Government Loses Data on Three Police Inquiries

The UK government is investigating a potentially damaging data loss incident after admitting two discs containing information related to three highly sensitive police inquiries have gone missing.

The police probes were set up to find out what part the cops played in the deaths of three men – Robert Hamill, Azelle Rodney and Mark Duggan. The shooting of the latter in Tottenham in 2011 sparked some of the worst rioting in the capital in recent history.

The authorities became aware of the data loss on 8 January, with the two discs of data going missing in the post. “Intensive searches” by police have so far been fruitless.

The government said the following in a lengthy statement:

“Treasury Solicitor’s lawyers were commissioned to undertake a review of all the documents in question, to identify any confidential or sensitive information relating to individuals or agencies and enable any risks to be assessed. Individuals will be contacted, where appropriate, to inform them of any personal information relating to them.

As well as safeguarding individuals’ interests, the government has undertaken urgent investigations into how this incident was able to happen, and further investigations continue in relation to both the conduct of individuals and the organisational safeguards against information security breaches of this kind. A member of staff has been suspended to facilitate the investigation. Once concluded disciplinary action will be taken if appropriate.”

All three inquiries have completed their work, with the Hamill Inquiry yet to publish its report, the government added.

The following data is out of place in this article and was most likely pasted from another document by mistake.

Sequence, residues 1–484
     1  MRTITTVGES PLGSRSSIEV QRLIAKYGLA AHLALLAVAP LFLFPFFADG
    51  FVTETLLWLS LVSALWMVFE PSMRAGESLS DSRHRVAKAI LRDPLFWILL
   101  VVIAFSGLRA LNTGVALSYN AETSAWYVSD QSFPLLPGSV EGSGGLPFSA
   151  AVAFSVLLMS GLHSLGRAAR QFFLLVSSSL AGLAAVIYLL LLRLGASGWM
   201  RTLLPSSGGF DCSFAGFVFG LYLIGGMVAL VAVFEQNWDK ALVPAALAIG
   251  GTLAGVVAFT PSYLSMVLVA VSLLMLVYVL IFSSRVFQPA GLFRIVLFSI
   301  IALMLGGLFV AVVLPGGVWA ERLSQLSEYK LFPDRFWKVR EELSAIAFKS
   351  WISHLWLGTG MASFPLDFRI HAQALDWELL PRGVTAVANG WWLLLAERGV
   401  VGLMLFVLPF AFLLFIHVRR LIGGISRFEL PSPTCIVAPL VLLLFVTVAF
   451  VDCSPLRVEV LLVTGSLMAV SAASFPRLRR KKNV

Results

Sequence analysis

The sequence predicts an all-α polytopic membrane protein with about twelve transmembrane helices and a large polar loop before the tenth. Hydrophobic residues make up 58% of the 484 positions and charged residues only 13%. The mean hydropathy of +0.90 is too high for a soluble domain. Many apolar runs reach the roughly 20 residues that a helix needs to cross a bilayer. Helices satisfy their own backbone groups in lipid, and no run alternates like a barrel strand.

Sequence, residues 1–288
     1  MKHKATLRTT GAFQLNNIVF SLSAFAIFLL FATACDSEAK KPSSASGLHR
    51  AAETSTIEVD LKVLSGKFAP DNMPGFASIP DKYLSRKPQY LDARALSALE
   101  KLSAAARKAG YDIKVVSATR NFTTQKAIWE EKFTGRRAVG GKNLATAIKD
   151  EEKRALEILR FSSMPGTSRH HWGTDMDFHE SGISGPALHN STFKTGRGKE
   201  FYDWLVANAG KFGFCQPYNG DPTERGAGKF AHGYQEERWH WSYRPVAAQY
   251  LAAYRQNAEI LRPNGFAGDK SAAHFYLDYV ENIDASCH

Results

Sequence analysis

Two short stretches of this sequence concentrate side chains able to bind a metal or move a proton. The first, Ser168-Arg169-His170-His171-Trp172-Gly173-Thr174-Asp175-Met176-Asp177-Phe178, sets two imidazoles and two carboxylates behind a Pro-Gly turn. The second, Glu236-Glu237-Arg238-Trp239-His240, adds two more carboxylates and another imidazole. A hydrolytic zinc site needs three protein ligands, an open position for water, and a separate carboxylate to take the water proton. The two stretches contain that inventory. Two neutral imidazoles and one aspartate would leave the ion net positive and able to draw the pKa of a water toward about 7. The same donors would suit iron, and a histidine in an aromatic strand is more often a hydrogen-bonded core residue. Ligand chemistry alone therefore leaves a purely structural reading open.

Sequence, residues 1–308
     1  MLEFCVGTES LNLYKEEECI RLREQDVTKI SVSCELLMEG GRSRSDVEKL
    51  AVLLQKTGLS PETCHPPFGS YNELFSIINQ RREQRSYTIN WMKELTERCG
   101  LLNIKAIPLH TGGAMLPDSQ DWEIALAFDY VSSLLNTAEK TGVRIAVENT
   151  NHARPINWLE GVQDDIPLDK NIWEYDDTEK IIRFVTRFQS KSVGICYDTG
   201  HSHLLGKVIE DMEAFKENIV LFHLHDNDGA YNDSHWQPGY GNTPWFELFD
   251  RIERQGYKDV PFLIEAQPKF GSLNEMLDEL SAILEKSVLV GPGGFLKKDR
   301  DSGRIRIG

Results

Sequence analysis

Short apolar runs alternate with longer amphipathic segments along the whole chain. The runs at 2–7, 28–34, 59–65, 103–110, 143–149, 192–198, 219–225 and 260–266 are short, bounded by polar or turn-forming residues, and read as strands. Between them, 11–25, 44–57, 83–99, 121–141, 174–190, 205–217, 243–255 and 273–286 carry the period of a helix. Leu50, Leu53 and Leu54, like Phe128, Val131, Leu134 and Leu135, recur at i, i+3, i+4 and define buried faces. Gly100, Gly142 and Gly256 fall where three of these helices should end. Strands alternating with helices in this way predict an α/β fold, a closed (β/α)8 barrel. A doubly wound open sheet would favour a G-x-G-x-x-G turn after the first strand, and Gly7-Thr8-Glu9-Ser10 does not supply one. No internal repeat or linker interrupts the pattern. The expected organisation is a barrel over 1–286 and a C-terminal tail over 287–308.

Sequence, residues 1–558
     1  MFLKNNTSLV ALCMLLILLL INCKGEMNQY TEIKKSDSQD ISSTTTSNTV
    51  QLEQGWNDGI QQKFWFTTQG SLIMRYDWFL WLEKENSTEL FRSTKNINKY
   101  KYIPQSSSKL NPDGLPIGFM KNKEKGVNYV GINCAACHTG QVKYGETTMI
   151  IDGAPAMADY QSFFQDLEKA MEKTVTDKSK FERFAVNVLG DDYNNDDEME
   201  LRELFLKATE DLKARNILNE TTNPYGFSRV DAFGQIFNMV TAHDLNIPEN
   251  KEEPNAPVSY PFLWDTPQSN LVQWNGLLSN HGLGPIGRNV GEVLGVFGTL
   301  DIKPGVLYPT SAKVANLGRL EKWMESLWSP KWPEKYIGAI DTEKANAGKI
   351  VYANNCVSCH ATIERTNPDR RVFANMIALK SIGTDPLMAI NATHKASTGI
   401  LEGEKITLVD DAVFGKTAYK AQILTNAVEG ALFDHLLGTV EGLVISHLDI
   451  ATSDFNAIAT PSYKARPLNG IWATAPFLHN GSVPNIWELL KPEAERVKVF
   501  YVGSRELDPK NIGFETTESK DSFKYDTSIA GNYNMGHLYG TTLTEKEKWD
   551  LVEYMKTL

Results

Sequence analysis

Data protection watchdog the Information Commissioner’s Office (ICO) has been informed and will probably begin its own investigation.

It is not clear if the lost data was encrypted or not.

Charles Sweeney, CEO of web security firm Bloxx, argued that if the data breach was the result of a calculated malicious insider it would likely have been executed with more sophistication.

“Instead it would appear that this is a simple, and embarrassing, case of user error. Given the sensitive nature of these documents more attention should have been paid to how the information was being disseminated,” he told Infosecurity.

“It will be interesting to see the reaction of the ICO, as it is usually very robust in its response to such incidents."

Bharat Mistry, cyber security consultant at Trend Micro, told Infosecurity that organizations need to have robust security awareness and data handling procedures in place which are tested on a regular basis to ensure that they are being followed.

“This case in point reflects the disconnect between the goals of a business function and the mission of the security team,” he added.

“In most organizations the business function will take risks to gain a competitive edge, whereas the Security Team will be very much risk averse and put in place controls or policies that inhibit enablement or productivity.”

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